Goat kidding season 2018 has flown by without me having time to journal the experience as I did last year. (Though that’s not quite accurate because I have one girl who still has not kidded yet, but it feels like the bulk of kidding season is over around here.)
Let me back up and say our goat herd has undergone some changes since last spring. We had 4 does kidding last spring; two of those – Oakley and Emma – have moved onto to other homes as they were not quite what we were looking for in our herd, and two remain with us – Nickel and Llama. We also added another doeling to the herd last May named Lily. We also used a different breeding buck this fall named Warrior.
For those of you who aren’t familiar with raising dairy goats, typically goats are bred in the fall for spring kids. Goats tend to be somewhat seasonal breeders (like white tail deer). A goat’s gestation is 5 months. A goat can be milked 3 months into pregnancy and then dried up for the last 2 months before birth. However, for us, we are tired of milking by the time the fall breeding season has rolled around. In addition, milk production usually declines by the fall. Therefore, we like to dry them up and breed in August or September. Ours are often dry for their entire pregnancy, which is good for them, but means we have no milk. The only risky factor in breeding early is having kids in freezing weather in December or January. However, ours got bred late last year and had kids in freezing weather in mid-March. So, we’ve decided to just breed when we want to and hope for fair weather over kidding time! Goats seem to have a knack for snowstorms - be it December or March.
To breed our goats, we put the buck in with the herd and allow nature to take its course. We watch closely and can often pick up on when the deed is being done to be able to calculate an approximate due date. 1-2 months after we think they are all bred, we do a blood test for pregnancy. This year when we tested our three girls, Lily came back negative for pregnancy. This was actually a good thing. Lily was born in February 2017, which means in August 2017 when we introduced our buck to the herd, she was quite young. While it is common to breed a dairy goat her first fall, breeding late rather than early gives them a few more months to grow. We tossed around the idea of separating her, but she was a good size and separation from the herd causes a lot of stress for goats. Weighing all the pros and cons, we decided to see what happens.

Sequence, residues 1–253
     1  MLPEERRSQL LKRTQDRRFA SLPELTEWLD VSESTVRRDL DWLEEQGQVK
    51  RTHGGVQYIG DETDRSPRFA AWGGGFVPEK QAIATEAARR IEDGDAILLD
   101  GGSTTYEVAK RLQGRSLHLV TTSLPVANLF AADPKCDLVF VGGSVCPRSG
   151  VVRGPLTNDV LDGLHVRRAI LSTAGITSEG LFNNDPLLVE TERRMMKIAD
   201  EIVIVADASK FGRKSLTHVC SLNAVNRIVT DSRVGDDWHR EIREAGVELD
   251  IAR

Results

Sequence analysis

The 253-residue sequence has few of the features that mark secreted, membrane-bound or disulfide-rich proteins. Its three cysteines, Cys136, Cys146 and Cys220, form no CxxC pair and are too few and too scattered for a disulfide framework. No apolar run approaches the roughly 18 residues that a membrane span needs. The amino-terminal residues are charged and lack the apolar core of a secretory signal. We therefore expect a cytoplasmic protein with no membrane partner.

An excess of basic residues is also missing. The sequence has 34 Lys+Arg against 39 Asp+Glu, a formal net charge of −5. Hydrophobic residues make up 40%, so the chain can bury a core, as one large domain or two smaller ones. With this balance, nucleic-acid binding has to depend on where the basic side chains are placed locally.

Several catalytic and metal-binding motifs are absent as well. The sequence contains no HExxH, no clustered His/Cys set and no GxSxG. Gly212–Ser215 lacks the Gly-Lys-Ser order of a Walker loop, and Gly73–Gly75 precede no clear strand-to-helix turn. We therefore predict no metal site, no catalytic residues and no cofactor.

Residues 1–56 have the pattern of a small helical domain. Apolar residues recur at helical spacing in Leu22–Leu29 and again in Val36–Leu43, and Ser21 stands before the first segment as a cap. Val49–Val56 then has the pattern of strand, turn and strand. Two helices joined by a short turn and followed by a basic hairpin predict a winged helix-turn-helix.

Upon receiving the negative pregnancy test, we were glad she had not taken early. Our buck then made a visit to another farm for a few weeks. When he returned, we made sure he was healthy and ready to move onto a new home. We had him advertised for only a short time before we found him a new farm. The week before he left, we noticed he was quite interested in Lily. We hoped she would be bred before he left. We chose not to test her because, even if she wasn’t bred, we weren’t going to get in another buck in January. Thus, we’ve just been watching her closely and hoping. The most obvious sign, especially in a first-timer, is the development of an udder 1-4 weeks before birth. Lily is due in about 1 week, and she has a promising udder taking shape, as well as bulging sides.
Back to the other girls – Nickel & Llama. In typical goat fashion, they delivered their kids within days of each other. Nickel had twins – Lightning & Star – on January 31, and Llama had twins – Hero & Susie – on February 2. Below are some pictures.
As you may have noticed, this year we decided to bottle feed all the babies. We fed them raw milk from their moms. (We test for CAE when we test for pregnancy. [CAE is a disease that can be passed through the milk of infected mothers.] Since our girls are negative, we feed the milk to the babies.) We sold all four of the kids within 2 weeks after their birth. This was, of course, a bit sad for the human kids around here, but they were glad to see them go to good homes and be relieved of the bottle-feeding duties.
And now we get to enjoy the fruits of our labors in the past months – fresh, raw goat milk! For those of you who just gagged a bit, I challenge you to find a home dairy where the milk has been handled and chilled with care to see for yourself. We have many people say it tastes "just like milk!"
Stay tuned and check out our goat page to see Lily’s kids!
Thanks for stopping by!
Vanessa from Russell Homestead. Follower of the Lord Jesus, wife of my knight in shining armor, mother of 5 wonderful children, and joint-keeper of the Russell homestead. Thanks for stopping by!
Independent Field Representative